Belgian expatriate 'special tax regime' - part 1/3
Belgium has an attractive special tax regime for foreign executives and specialised employees temporarily employed in Belgium. 8 August will be its 35th (!) anniversary. Since that day in 1983 the currently applicable regime has been set out in a Tax Letter. Although the tax regime is very attractive, it is not flawless and the reshaping of Belgian income taxes, over the past years, also had its impact.
Why is this tax regime so special?
Contrary to Belgian resident taxpayers, expatriates who benefit from this special tax regime, have part of their income exempted from taxes (and social security). For most expatriates, a so-called “tax free allowance” and ”travel exclusion” will apply.
- “Tax free allowances” can be compared to a cost proper to the employer, which cover housing and all other costs of living as well as the tax difference between Belgium and the expatriate’s home country on his professional income. The amount is capped at 11.250 EUR per year, or 29.750 EUR in case of a R&D center.
- The expatriate’s “travel exclusion” implies that income related to business days spent outside Belgium is exempted from Belgian income taxes. Travel exclusion is a percentage determined on the basis of the number of business days spent outside Belgium (which calculation is based on specific rules) divided by the number of working days during the year.
Besides these two main advantages, the expatriate is also tax exempted for, amongst others, school fees, a moving allowance, a settling-in allowance and a home visit allowance paid by his employer.
For whose benefit?
The special tax regime is actually set out to accommodate Belgian employers cost-wise. By applying a number of tax exempted allowances, the employer is able to engage executives and highly skilled employees with international profiles at a lower expense. The employer must be part of an international group of companies (subject to corporate income taxes as a Belgian resident or as a non-resident). Non-profit organisations normally fall outside the scope of application (although exemptions exist).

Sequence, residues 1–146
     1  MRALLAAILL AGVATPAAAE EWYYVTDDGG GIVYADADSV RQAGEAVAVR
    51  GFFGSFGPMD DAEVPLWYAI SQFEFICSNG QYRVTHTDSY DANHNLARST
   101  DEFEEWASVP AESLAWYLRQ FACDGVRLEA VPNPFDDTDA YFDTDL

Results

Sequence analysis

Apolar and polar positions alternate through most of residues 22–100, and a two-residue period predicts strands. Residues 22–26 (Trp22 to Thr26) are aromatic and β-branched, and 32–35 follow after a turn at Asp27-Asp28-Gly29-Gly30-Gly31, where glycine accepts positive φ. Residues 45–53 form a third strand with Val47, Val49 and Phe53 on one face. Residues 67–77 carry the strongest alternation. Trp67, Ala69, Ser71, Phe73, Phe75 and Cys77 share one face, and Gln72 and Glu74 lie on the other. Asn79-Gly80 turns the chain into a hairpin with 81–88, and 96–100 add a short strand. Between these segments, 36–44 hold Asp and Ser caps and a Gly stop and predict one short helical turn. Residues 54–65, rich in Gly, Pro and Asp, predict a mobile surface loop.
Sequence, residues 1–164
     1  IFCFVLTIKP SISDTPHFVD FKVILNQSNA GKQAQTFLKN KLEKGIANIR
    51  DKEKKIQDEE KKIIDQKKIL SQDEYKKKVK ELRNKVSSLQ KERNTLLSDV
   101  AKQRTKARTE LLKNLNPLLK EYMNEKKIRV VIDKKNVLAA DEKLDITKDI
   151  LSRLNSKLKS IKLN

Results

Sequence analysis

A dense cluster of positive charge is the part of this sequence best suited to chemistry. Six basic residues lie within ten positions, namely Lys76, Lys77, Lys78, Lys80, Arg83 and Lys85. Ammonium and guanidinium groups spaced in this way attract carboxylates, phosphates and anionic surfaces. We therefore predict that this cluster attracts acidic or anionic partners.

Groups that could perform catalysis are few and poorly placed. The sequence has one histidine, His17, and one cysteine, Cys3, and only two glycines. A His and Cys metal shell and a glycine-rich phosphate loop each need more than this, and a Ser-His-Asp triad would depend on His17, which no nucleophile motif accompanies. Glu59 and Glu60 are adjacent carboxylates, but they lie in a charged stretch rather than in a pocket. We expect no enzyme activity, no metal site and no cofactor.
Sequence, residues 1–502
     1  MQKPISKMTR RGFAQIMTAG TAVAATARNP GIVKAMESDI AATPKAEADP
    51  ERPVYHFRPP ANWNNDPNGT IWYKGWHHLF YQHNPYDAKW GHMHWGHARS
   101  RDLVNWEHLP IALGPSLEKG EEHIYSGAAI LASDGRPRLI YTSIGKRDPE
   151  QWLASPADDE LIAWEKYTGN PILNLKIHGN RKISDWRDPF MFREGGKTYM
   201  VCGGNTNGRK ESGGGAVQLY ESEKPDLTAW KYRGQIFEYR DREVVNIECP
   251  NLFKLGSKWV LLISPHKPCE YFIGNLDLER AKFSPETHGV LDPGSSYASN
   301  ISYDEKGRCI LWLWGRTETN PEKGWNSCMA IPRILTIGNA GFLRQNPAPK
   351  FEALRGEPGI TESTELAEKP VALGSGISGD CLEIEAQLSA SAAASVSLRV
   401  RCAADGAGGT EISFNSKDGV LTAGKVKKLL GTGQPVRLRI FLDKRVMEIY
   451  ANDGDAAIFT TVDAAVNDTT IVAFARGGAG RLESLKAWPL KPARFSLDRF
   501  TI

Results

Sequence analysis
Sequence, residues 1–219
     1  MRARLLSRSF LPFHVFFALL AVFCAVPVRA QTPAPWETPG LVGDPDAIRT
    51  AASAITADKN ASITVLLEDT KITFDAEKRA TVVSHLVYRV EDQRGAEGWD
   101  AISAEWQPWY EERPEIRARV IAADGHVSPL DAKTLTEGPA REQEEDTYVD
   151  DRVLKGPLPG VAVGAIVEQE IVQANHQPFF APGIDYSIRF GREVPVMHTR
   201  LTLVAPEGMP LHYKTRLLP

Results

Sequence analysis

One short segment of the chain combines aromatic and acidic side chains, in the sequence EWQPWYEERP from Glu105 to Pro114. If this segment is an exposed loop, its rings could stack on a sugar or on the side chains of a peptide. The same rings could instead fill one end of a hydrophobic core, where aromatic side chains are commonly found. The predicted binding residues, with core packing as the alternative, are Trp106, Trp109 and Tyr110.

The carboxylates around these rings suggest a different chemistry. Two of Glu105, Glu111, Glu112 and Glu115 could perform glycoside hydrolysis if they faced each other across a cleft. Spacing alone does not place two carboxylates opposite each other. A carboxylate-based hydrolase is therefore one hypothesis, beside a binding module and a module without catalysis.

The employee must be either seconded to a Belgian group company or directly hired outside Belgium by the company. His employment in Belgium must be temporary. During this period he needs to maintain a link with his home country at all time. The employee can live with his family in Belgium and qualify as a “fictitious” non-resident for Belgian income tax purposes, or he can maintain his residency in his home country although that decision would limit the advantages of the special tax status. Self-employed directors with a real activity (e.g. CEO) also fall under the scope of application of the special tax regime.
The special tax regime needs to be approved by the Belgian tax authorities. In order to obtain such approval, both the employer and the employee must file a request within 6 months following the month of arrival in Belgium. A late filing results in the non-application of the special tax regime, although (only) in exceptional circumstances, tax authorities could still allow the application as of the year following the year in which the late filing was made.
Gunther Valkenborg est membre du Département Employment and Benefits de Loyens & Loeff en Belgique à Bruxelles. Il est counsel et à la tête de l’équipe Compensation & Benefits et il est également membre du Département General Tax et de l’équipe Automotive de Belgique. Son objectif principal est la rémunération et les avantages sociaux ainsi que la mobilité internationale des employés.T: +32 2 743 43 39 E: email@example.com